Okay, I can buy the storyline as an alternate "what if" scenario, but not something that really happened in the canon of the show. I mean, they made Sam a killer. He's old enough in the comic to REMEMBER that in the present. To remember that people were after him, and that he could do things. His visions wouldn't have been so out of the blue.

Worse, they made John a murderer. Not someone who hunts supernatural evil, but someone who pre-emptively kills men in horrific ways, and I just don't buy that of John. Sure, he was a terrible dad, but that's because he left his kids alone all the time and was obsessed with finding Yellow Eyes and raised the boys to have all kinds of issues. The John in the comics who's killing all these guys is not the John who would be in so much pain when Meg kills his friends. Murder deadens you, hardens you, makes you less able to connect to other people, and in the comics, this is happening way before he had "falling out"s with all his friends.

Plus, Dean killed a man, a regular person, and whenever that happened in the earlier days of the show, it was a Big Deal. If he'd first done it at age 10, he'd be a totally different kind of person in the present.

The thing I do kind of like—well, I guess I'm conflicted about—is that Lilith has been introduced as someone who wanted Sam way back when he was a kid. I don't like the details of it, what she's trying to do, and a lot of the worldbuilding in the comics doesn't jibe with the worldbuilding of the show. I mean, sure, if Kripke had the budget, he'd totally have a demon build a monster out of shattered train parts and have it go after the Winchesters. You can do more in comics. But the creation of a semi-sentient hunk of autonomous, killing metal? Doesn't belong.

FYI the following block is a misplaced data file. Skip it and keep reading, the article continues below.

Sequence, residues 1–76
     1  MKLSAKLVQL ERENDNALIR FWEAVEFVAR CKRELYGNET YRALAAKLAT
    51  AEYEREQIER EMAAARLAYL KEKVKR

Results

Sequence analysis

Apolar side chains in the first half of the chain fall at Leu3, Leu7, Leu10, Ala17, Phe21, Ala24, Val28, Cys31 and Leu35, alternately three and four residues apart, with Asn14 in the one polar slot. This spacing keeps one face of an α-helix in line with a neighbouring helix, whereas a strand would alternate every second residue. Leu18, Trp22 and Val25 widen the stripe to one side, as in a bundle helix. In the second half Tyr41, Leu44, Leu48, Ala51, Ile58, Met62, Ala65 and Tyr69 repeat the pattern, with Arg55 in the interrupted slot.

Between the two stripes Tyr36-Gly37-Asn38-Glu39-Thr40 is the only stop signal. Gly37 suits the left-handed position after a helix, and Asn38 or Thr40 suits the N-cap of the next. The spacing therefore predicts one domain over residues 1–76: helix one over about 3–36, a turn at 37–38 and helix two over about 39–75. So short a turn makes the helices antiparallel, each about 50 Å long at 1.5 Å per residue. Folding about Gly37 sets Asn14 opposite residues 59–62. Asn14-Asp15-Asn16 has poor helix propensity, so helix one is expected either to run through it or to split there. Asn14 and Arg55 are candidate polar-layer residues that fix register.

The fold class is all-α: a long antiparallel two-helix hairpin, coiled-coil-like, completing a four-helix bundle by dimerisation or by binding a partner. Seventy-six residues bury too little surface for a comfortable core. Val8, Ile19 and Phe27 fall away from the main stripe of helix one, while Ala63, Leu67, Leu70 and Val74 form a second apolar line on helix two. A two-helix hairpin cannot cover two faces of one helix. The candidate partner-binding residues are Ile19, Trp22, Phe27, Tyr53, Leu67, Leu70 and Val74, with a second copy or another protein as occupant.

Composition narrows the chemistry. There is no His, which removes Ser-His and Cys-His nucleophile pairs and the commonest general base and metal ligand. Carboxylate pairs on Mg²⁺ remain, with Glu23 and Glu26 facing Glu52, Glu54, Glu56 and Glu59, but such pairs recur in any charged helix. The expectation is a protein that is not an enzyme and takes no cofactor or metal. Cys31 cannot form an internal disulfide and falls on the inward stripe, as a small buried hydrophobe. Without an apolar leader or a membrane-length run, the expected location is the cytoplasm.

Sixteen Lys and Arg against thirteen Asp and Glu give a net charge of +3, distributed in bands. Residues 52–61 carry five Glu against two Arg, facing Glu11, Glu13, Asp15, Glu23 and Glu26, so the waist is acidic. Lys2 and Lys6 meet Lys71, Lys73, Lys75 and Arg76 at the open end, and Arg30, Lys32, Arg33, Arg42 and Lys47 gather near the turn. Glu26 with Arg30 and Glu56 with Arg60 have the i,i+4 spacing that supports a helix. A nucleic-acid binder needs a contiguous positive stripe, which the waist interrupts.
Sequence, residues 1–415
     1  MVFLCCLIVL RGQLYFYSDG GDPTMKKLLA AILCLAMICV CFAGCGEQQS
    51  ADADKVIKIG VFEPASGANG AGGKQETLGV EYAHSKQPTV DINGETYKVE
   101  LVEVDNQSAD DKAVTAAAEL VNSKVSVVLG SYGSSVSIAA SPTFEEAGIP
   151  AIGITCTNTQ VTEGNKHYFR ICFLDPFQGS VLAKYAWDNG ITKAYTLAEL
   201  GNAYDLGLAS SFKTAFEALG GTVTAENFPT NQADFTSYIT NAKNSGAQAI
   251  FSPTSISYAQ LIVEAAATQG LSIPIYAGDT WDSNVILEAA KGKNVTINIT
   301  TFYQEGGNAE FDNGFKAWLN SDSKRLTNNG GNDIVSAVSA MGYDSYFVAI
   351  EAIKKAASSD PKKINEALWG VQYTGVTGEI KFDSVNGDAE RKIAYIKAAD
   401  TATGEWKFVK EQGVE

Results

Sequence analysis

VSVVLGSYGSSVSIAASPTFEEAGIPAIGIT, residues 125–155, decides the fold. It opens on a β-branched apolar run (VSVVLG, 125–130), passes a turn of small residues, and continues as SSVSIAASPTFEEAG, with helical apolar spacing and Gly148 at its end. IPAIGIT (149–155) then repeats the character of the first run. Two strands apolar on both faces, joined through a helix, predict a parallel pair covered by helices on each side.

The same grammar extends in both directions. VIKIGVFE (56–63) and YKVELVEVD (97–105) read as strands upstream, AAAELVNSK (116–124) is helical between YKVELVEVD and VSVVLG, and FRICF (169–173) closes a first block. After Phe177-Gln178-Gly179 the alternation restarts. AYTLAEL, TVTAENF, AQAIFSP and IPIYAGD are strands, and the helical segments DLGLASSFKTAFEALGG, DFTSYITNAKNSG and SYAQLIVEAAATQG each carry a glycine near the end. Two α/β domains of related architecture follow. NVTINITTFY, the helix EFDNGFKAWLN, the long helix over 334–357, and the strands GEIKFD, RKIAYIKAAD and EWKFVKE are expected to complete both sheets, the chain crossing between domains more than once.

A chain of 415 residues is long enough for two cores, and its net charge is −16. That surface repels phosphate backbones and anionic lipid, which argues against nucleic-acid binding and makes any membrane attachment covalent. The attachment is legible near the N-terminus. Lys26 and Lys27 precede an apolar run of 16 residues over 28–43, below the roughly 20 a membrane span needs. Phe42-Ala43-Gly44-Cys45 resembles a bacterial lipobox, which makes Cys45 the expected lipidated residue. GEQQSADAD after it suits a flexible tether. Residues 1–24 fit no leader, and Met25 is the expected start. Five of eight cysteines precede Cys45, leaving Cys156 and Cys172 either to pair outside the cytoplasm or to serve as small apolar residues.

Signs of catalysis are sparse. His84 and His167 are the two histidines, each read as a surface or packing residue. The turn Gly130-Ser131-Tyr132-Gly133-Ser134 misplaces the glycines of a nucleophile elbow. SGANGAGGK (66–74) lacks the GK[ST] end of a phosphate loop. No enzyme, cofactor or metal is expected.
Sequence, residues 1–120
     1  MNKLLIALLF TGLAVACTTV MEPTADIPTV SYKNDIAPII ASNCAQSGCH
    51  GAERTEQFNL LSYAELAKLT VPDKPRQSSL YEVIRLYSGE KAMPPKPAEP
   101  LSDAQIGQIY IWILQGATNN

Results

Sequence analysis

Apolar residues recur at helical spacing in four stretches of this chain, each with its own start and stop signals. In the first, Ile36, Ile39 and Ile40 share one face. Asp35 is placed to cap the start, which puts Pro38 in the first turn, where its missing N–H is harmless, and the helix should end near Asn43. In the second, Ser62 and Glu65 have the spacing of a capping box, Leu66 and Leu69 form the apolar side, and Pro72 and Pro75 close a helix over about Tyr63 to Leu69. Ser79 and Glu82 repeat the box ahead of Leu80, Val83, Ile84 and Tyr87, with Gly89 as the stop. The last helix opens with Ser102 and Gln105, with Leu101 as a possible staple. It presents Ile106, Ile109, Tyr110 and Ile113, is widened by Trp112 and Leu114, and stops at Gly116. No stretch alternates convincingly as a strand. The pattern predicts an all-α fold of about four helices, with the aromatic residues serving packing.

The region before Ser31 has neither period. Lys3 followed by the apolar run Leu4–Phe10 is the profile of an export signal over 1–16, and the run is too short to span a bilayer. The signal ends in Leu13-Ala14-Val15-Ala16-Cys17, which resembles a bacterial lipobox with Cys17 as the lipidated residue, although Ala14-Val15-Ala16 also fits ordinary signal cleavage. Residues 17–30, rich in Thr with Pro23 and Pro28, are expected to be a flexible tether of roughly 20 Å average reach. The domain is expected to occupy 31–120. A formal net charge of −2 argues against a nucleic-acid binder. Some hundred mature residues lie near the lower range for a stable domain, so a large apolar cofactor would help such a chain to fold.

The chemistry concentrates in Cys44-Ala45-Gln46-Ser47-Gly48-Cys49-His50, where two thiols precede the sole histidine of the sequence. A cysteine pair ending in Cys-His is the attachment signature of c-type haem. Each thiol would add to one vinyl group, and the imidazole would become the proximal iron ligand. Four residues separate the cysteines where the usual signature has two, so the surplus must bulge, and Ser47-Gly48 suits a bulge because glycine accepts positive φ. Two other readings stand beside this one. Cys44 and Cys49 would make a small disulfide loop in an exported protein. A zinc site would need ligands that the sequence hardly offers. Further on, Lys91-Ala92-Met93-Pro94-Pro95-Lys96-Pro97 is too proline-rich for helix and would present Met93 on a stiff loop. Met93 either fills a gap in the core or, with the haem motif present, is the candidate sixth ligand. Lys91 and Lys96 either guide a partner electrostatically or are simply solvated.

Anyone else bothering to read them? Liking them, or not?

So we got a phone call last night. I didn't answer, and I was asleep when J came to bed, so he didn't tell me about it, and we don't really cross paths in the morning until he's in the car. I found out from one of the moms at the bus stop that the call was an Instant Alert from the school superintendent, telling us to check the website and our e-mails. Apparently, there's a guy in a white van with brown curly hair and a tattoo trying to pick up kids. He tried at the high school and at one of the elementary schools. Not the one my kids go to, but one friends of mine have kids attending, and those schools are only two miles from my kids' and less than five from my house. Easily expandable territory.

This is where the balance of parenting gets so hard. I walk Number Two to the bus stop, but not Number One, and they both walk the half a block home on their own, with the other kids from the bus. That's the only place they'd really be vulnerable, and now I feel I have to meet them every day, or at the very least go outside to watch them get off the bus. I don't want to let Number Two practice soccer in the front yard, or walk up to her friend's house. Yet I don't want to make her a prisoner or be overprotective, either.

We were talking about this the other day, a group of us, about how when we were kids, we left the house in the morning and roamed the neighborhood all day. Parents didn't know where we were. At my cousins' house, we were often deep in the woods (probably not as deep as it seemed, but out of calling range) or way up the street and around the corner. We came in when the streetlights went on. No way can any of us let our kids do that now. There are more cars on the street, driving faster, and the risk of abduction just seems too damned high.

I bet it's not. I bet that proportionately, the risk is the same as when we were kids. What's changed is the information society. When a child in Florida gets abducted in a car wash parking lot, we hear about it almost instantly in Pennsylvania or California. With video. So 20, 30 years ago, if we didn't know someone it had happened to, it wouldn't affect our behavior. If we did have a personal connection, if we knew someone who'd been taken, it would scare us into taking precautions. Now, though, we know everyone. Everyone could be us. And we live our lives accordingly.

And we try to find a balance between giving our kids some independence and protecting them from the horrors out there, knowing that we don't really have that much control.